Re: "Mailto" Command

James E. LaBarre (
Wed, 9 Apr 1997 11:22:27 -0400

Message-ID: <>
From: "James E. LaBarre" <>
To: "'WWW HTML List'" <>
Subject: RE: "Mailto" Command
Date: Wed, 9 Apr 1997 11:22:27 -0400

You're forgetting all the users on ISPs, online services, etc. that do =
NOT have access to the server itself in order to *add* the sort of =
functions you want to restrict people to.  The most these people can =
manage is some sort of "mailto" as the only way to get responses from =
page visitors.

It's important to remember that the web is not just for megacorporations =
and big dollar organizations.  There are a lot of local groups and =
individuals publishing on the web, and some consideration needs to be =
made there.

From: 	Carl Morris[]
Sent: 	Monday, April 07, 1997 12:50 PM
To: 	WWW HTML List
Subject: 	Re: "Mailto" Command

> And I blame no one!  Since when should a WWW form not be returned to
> the WWW server that originally served it????

> At least as early as 1993, when HTML + and forms were first being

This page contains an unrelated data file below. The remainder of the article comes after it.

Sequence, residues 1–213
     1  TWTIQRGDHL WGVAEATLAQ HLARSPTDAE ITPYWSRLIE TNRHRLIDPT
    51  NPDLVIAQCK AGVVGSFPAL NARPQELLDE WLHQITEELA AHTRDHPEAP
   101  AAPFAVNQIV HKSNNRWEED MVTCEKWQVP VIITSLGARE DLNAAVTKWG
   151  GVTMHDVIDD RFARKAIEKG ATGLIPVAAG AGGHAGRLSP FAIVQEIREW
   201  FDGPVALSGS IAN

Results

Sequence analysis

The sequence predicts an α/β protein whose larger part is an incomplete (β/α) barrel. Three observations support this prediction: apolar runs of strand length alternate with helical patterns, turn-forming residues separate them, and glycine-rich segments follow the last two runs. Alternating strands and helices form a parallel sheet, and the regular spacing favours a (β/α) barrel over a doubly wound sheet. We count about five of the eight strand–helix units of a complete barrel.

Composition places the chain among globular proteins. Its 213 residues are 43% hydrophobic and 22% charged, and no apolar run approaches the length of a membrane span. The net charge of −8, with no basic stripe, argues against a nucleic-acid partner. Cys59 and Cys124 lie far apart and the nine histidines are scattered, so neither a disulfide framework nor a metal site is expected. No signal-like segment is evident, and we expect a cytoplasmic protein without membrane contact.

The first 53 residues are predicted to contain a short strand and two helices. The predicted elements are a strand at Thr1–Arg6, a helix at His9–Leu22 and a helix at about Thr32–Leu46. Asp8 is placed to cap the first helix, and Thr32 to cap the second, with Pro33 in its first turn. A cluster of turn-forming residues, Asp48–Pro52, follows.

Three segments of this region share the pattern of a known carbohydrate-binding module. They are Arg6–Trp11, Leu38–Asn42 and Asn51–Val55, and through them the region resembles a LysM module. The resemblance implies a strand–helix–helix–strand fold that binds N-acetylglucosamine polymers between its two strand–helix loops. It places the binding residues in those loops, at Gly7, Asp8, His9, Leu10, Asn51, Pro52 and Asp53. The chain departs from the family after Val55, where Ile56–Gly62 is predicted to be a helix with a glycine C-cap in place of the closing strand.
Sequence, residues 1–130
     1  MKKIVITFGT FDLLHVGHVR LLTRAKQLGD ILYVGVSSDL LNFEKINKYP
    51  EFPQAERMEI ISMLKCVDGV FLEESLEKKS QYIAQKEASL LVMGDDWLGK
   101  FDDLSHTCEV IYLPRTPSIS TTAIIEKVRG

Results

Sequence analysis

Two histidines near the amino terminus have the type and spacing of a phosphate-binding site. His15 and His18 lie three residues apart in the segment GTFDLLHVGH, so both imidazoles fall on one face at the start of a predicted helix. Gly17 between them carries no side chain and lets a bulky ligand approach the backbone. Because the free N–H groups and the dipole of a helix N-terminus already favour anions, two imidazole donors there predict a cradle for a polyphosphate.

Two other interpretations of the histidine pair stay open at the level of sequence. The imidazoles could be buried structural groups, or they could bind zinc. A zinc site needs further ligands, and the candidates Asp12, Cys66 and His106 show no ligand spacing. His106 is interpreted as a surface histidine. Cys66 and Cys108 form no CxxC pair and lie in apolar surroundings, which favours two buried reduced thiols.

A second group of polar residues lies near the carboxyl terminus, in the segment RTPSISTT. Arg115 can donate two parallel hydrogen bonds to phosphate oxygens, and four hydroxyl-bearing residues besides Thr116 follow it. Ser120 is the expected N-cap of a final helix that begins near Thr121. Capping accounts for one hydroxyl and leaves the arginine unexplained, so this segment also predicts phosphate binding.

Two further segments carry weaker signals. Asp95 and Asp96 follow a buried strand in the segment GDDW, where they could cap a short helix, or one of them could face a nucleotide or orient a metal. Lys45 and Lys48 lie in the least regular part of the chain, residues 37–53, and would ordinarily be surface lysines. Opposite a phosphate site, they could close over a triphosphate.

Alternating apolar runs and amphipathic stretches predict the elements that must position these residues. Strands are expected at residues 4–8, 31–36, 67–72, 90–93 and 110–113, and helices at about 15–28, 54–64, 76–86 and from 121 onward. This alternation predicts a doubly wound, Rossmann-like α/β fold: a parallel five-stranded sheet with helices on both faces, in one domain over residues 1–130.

> kicked around:

Not an answer, if a company sends you a form, who do you send it back =
Usually them!!!!  Specifically, if you get a form in the mail, you =
mail it back.  There is no difference here.  If a WWW server sends the
form, it should go back to the WWW server or at least via HTTP to =
server.  If you get a form in the e-mail, then the answer should be
returned via e-mail.  Its called "it just plain makes sense".

>  Technically it is
> incorrect to send the form anywhere but the server that served it.

> Incorrect with respect to what? Your opinion?


>  The
> problem is all too common though, many people place forms in their
> pages that go back to WEBCRAWLER or other search engines.

In my opinion (and as I recall, Dave Raggett, Tony Sanders, Marc A,
and the other designers of forms) this is a feature, not a bug.

No,  it is the problem that has caused people to think that a form in a =
page can be answered via e-mail.  I do not answer WWW forms via =
(mostly because it doesn't work, and it shows that the author of the =
is lazy, its also usually a sign that the form will not be answered in a
quality fashion, why answer it!)

You may think its nice to have options.  When those options result in =
hassles to the end users, then they're "optional" status has worn thin.  =
find e-mail returned forms to be a hassle, and I know from experience =
others have too.